A bill introduced yesterday by Sens. Amy Klobuchar (D-MN) and Tim Johnson (D-SD) called the Securing America’s Future with Energy and Sustainable Technologies (SAFEST) Act establishes strong renewable energy and energy-efficiency standards, incentives for developing biofuels and biofuel infrastructure, and targets for the availability of advanced vehicle technologies. More specifically, the legislation would establish new incentives for biofuels infrastructure and deployment and a more cost-effective extension of tax credits for ethanol and biodiesel that reward efficient producers. In addition, on the biofuels front, it would set targets for flex-fuel vehicle development and deployment.
“The strength of our nation is tied to the strength of our energy economy,” Klobuchar said. “The United States has the ability to be the global leader in energy because of the ingenuity of our farmers and manufacturers. At a time of rising gas prices, this bill will provide incentives that can help us utilize more homegrown biofuels, strengthen our homegrown energy economy in Minnesota, and secure our energy future.”
Bob Dinneen, President and CEO of the Renewable Fuels Association said, “We thank Senator Klobuchar for her proposal. It is very thoughtful and covers many key points necessary for industry growth and responsible fiscal reform. This bill, along with other proposals such as a variable tax credit, deserve serious attention. Now is the time for this country to engage in a meaningful dialogue about our energy future. That discussion must include all forms of energy and all options must be on the table.”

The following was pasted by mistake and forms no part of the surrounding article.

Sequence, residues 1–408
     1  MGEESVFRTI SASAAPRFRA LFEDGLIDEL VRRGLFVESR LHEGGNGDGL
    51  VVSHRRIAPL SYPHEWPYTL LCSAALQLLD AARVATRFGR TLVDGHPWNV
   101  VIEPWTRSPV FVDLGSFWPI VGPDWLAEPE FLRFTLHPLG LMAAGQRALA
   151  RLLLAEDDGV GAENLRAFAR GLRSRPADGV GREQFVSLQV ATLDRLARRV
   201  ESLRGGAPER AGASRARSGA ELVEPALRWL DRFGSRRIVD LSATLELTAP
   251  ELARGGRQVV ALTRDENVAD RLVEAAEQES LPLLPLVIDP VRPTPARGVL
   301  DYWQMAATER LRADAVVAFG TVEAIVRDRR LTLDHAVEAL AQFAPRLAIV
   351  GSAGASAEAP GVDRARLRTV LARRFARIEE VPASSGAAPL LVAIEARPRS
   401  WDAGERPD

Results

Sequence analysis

And Tom Buis, CEO of Growth Energy added, “With the price of oil skyrocketing to $100 a barrel, we need a national energy policy that reduces our dependence on foreign oil, creates jobs here in the United States, improves our environment and strengthens our national security. Legislation that promotes access to higher levels of ethanol will help our nation achieve these goals. We commend Sens. Klobuchar and Johnson for their efforts to ensure a cleaner, more secure energy future for America.”
0 responses to “Sen. Klobuchar Introduces Ethanol Legislation”
I’d be very careful about supporting this legislation without reading it very carefully. For example, the inclusion of M85 [85% Methanol] in the definition of flexible fuel automobiles, while attempting to acknowledge the existence of fuel alcohols other than ethanol, creates a serious conflict with the goal of this legislation to increase the use of RENEWABLE fuels, preferably home-grown. Specifically, virtually all methanol both currently being delivered to the United States for chemical purposes and planned for future fuel use is produced from non-renewable natural gas. Methanex, the Canadian company that has a virtual North American monopoly on methanol production, has made it very clear that an OFS with methanol would allow them to IMPORT natural gas based methanol to the United States. Is this the goal of this legislation?
In addition, bio iso-butanol (a C-4 alcohol) is now being produced by several US firms and will become a commercial renewable bioalcohol fuel within the time frame of this legislation. Iso-butanol also has similar combustion properties to ethanol. Therefore, it should be included in the open fuel standard definition.
Also, the terms “50 percent (or 75 percent) less fossil fuel per mile than the average of vehicles…” are used. While this language represents what appear to be clear objectives, without specifically including wording that would include the fossil fuel used to generate electricity for electric or plug-in-hybrids, these definitions would include vehicles that would in fact use much more fossil fuel than intended by the definition.
In addition, for any vehicle or fuel definitions used in this legislation it must be very clear that the well-to-wheel energy and emissions requirements placed on biofuels are placed on them as well.
In addition, the proposed definition of alcohol includes only ethanol and methanol. Iso-butanol needs to be added since it is now in the late stages of development and will be available for purchase within the timeframe of this legislation.
There are a number of other items that could actually work against promotion and encouragement of development of home-grown, domestic renewable fuels. Sounds good on the surface, but a closer look reveals serious flaws.